|ORIGINAL RESEARCH ARTICLE
|Year : 2017 | Volume
| Issue : 1 | Page : 97-101
Association between pulmonary tuberculosis and Type 2 diabetes in Sudanese patients
Mona Ahmed1, Ibtihal Omer1, Sannaa M. A Osman2, Eltayib H Ahmed-Abakur2
1 Department of Molecular Biology, National Ribat University Teaching Hospital, Khartoum, Sudan
2 Department of Microbiology, Alzaiem Alazhari University, Khartoum, Sudan
|Date of Web Publication||10-Mar-2017|
Molecular Biology Unit, National Ribat University Teaching Hospital, Khartoum
Source of Support: None, Conflict of Interest: None
Introduction: Tuberculosis (TB) and diabetes mellitus (DM) are both important health issues, and the association between DM and TB may be the next challenge for global TB control worldwide, type 2 DM (T2DM) responsible for 90% of DM cases. Persons with diabetes have a significantly increased risk of active TB, which is two to three times higher than in persons without diabetes. The aim of this study was to determine the association between pulmonary tuberculosis (PTB) and T2DM among Sudanese patients and also to determine the association between hemoglobin A1c (HbA1c) percentage in diabetic patients and development of PTB and effect of duration of T2DM in developing PTB. Materials and Methods: A total of 120 sputum samples were collected from patients during 6 months in Ribat University Hospital, Khartoum, Sudan. Sixty of them were known type 2 diabetic patients categorized as study group and sixty were nondiabetic patients categorized as control group. Ziehl–Neelsen smear preparation and DNA were extracted from sputum for detection of Mycobacterium tuberculosis by polymerase chain reaction (PCR). Results: Among the 120 sputum specimens, 72 (60%) were males and 48 (40%) were females. Fourteen (19.4%) males and 6 (12.5%) females had PTB, the difference was not statistically significant according to gender P = 0.229. According to treatment modalities, diabetic patients were treated with injectable insulin (36.7%), PCR positive was 4(33.3%) P value (0.853), oral hypoglycemic drugs (51.7%) PCR positive 7 (58.3%) P value (0.849) and dietary control (11.7%) PCR positive (1 (8.3%) P value (1.000) Were insignificant differences. The frequency of HbA1c of 58 patients with diabetes was 24 (41.4%) who had controlled DM (HbA1c level ≤ 6.5%) and 34 (58.6%) had uncontrolled DM. Of the 60 patients with diabetes, 12 had PTB with uncontrolled DM, with significant difference (P=0.000). The mean duration of diabetes mellitus was (6.92 years ± Std 6.801) and the frequency of diabetes mellitus in first 10 years was 47 (78.3%), in (11-20) years was 10 (16.7%) and in (21-30) years was 3 (5%), the PCR positive PTB showed 10(21.3%) for the first 10 years, (11-20) years was 2 (20%) and zero (0.0%) for (21-30) years, P-value (0.480) insignificant different. Conclusions: In summary, we found consistent evidence for an increased risk of TB among patients with uncontrolled DM (high-level HbA1c).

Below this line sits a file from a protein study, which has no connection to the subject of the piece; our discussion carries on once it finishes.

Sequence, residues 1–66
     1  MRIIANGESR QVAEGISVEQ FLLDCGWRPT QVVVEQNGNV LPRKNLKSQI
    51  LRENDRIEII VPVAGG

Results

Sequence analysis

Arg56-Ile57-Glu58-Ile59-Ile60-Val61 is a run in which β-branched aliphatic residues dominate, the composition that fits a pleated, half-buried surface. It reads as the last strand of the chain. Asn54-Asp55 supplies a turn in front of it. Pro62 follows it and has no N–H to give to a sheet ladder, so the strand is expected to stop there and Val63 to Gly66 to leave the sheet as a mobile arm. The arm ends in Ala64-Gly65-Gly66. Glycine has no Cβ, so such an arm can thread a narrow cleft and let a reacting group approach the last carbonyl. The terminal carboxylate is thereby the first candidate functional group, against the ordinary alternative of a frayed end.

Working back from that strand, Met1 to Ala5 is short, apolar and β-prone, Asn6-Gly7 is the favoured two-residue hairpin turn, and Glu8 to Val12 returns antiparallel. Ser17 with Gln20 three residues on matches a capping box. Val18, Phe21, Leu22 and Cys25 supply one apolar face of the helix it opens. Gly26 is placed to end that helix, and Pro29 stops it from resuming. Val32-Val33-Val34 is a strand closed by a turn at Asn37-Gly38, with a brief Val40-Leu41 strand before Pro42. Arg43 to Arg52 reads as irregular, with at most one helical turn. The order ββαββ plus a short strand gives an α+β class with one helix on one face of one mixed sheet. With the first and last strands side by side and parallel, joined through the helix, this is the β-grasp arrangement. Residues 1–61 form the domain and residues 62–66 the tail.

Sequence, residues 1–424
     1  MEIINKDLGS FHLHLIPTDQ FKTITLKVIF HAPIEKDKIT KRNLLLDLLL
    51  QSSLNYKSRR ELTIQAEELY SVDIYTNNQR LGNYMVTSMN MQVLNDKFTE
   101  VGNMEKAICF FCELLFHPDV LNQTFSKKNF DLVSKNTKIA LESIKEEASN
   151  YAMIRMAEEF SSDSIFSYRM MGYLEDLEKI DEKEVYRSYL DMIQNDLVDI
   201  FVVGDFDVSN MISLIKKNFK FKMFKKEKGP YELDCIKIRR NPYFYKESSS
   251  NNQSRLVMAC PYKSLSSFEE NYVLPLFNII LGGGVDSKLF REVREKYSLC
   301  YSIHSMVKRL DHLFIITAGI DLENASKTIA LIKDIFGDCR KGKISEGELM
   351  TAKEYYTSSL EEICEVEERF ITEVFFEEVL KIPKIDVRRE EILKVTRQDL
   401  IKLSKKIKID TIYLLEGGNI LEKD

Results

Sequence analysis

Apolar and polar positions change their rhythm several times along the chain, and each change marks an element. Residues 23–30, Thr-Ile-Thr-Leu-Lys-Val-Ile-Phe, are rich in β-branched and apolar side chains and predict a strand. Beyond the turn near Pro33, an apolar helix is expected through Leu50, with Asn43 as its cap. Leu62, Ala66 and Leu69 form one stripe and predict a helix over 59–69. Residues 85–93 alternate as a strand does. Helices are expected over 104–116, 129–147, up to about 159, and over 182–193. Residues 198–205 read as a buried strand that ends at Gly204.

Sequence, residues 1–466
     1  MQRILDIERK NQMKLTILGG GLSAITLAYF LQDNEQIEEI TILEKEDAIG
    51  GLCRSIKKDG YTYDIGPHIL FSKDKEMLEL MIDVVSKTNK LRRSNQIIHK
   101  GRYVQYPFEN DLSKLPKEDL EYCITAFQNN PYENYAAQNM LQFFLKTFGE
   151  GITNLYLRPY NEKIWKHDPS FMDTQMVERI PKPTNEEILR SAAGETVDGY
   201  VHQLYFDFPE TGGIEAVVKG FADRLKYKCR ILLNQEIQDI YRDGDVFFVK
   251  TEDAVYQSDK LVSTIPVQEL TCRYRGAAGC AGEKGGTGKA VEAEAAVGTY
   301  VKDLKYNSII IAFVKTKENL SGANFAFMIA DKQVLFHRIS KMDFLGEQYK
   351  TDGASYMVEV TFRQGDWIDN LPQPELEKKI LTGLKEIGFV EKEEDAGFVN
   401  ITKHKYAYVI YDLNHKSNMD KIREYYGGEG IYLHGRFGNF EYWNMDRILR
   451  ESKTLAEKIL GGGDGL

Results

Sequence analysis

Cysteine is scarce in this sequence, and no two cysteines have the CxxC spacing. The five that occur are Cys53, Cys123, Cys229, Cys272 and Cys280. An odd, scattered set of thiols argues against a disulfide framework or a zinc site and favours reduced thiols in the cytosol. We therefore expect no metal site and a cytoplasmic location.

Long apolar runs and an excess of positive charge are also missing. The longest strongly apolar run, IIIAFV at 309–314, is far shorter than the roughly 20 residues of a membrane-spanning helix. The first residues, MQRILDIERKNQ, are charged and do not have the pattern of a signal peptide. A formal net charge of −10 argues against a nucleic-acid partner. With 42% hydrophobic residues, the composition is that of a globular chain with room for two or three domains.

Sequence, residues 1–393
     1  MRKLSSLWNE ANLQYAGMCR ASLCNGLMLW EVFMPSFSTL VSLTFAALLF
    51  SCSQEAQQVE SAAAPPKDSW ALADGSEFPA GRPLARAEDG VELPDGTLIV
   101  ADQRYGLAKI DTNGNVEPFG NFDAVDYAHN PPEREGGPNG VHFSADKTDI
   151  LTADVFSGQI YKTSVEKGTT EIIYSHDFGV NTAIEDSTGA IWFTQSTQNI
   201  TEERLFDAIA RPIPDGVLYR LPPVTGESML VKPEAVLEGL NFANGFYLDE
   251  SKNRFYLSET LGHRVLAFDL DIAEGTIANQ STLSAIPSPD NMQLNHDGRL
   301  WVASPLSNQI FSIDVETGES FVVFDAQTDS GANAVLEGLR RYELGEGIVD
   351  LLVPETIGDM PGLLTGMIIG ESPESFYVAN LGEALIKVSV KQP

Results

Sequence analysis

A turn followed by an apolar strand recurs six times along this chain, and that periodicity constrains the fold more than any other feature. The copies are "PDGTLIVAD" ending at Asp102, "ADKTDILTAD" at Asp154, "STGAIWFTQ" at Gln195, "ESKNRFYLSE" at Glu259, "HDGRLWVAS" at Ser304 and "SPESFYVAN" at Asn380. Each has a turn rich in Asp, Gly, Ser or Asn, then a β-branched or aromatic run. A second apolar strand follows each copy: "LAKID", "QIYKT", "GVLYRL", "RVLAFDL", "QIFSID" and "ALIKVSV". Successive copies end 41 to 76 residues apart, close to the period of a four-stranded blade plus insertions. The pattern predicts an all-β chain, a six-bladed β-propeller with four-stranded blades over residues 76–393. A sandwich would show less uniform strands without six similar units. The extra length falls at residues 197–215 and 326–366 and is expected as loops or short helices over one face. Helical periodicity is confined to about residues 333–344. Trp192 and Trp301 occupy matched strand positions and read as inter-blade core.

Keywords: Diabetes mellitus, polymerase chain reaction, pulmonary tuberculosis, Sudan, Ziehl–Neelsen stain
|How to cite this article:|
Ahmed M, Omer I, Osman SM, Ahmed-Abakur EH. Association between pulmonary tuberculosis and Type 2 diabetes in Sudanese patients. Int J Mycobacteriol 2017;6:97-101
|How to cite this URL:|
Ahmed M, Omer I, Osman SM, Ahmed-Abakur EH. Association between pulmonary tuberculosis and Type 2 diabetes in Sudanese patients. Int J Mycobacteriol [serial online] 2017 [cited 2019 Mar 21];6:97-101. Available from: http://www.ijmyco.org/text.asp?2017/6/1/97/201887
| Introduction|| |
Tuberculosis (TB) remains a major source of morbidity and mortality throughout the world., One-third of the world's population is estimated to be infected with Mycobacterium tuberculosis (MTB), whereby approximately 9 million people develop the disease each year, and almost 2 million of populations die annually as a result of TB. According to the World Health Organization, there are over 347 million people in the world suffering from diabetes mellitus (DM). Projections indicate that by 2030 DM will become the seventh leading cause of death worldwide, and type 2 DM (T2DM) will be responsible for 90% of DM cases. Persons with diabetes have a significantly increased risk of active TB, which is two to three times higher than in persons without diabetes., People with diabetes also suffer from a number of pulmonary physiologic abnormalities including diminished bronchial reactivity., Abnormalities in the pulmonary physiologic functions lead to delayed clearance of microorganisms from the respiratory system and facilitate the spread of infections in the host  which is also due to their immunocompromised status with reactivation of older foci of TB rather than through fresh contact and often exhibit lower lobe involvement more commonly than in persons without diabetes.